WHO members have also pressed the Geneva-based health body—which usually avoids taking a stance on politics—to take action against Russia over the invasion, media, including the Daily Mail, have reported. On May 10, the WHO’s European Committee adopted a non-binding resolution condemning Russian attacks on Ukrainian health care facilities and the war’s impact on public health. The same resolution urged WHO chiefs to close their Moscow office for non-infectious diseases and relocate it to another country.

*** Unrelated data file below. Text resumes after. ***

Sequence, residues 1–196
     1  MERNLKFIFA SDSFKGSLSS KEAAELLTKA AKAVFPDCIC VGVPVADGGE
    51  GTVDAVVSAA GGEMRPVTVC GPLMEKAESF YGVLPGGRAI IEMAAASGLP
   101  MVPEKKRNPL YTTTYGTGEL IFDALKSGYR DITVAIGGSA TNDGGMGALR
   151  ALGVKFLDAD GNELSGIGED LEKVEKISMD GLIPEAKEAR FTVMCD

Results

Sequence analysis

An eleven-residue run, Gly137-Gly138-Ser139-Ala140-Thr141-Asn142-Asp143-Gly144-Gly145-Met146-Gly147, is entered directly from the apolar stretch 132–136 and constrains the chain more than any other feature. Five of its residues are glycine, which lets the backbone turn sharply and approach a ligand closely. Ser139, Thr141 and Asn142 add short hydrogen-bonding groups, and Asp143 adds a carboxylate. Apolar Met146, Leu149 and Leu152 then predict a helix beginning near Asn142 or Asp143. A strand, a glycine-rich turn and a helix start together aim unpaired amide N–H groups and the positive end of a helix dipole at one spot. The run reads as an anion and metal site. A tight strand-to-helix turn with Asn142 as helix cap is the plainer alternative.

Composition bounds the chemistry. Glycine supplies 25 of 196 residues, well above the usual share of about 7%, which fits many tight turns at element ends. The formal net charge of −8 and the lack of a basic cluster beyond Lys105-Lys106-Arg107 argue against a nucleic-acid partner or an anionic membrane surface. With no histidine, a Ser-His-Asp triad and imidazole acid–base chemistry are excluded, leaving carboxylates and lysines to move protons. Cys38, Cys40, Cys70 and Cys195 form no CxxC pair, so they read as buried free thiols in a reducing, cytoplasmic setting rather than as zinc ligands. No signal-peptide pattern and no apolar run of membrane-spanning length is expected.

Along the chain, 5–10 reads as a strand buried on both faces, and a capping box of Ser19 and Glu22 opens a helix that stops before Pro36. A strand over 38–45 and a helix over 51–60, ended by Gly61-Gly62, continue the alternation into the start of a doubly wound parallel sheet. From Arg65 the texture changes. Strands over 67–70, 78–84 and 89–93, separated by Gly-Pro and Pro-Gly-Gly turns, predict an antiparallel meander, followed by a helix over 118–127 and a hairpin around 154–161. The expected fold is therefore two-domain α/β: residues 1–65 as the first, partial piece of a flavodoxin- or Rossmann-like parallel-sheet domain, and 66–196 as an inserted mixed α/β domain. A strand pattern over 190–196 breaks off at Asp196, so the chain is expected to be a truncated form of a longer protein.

If Russia withdraws from the WTO it will have serious implications on dealing with 164 member countries of the WTO on trade issues and dispute settlement system because the WTO is a body designed to promote free trade through organising trade negotiations and act as an independent arbiter in settling trade disputes. To some extent the WTO has been successful in promoting greater free trade. Russia will also suffer further in its economic development because WTO is committed to economic development. For example, recent rounds have put pressure on developed countries to accelerate restrictions on imports from the least-developing countries.By encouraging free trade, Russian firms can specialise and produce a higher quality of goods in world market. This enables more economies of scale, which is important for industries with high fixed costs, such as cars and aeroplanes manufacture. In new trade theory, it is this specialisation and exploitation of economies of scale that is most important factor in improving economic welfare for Russia.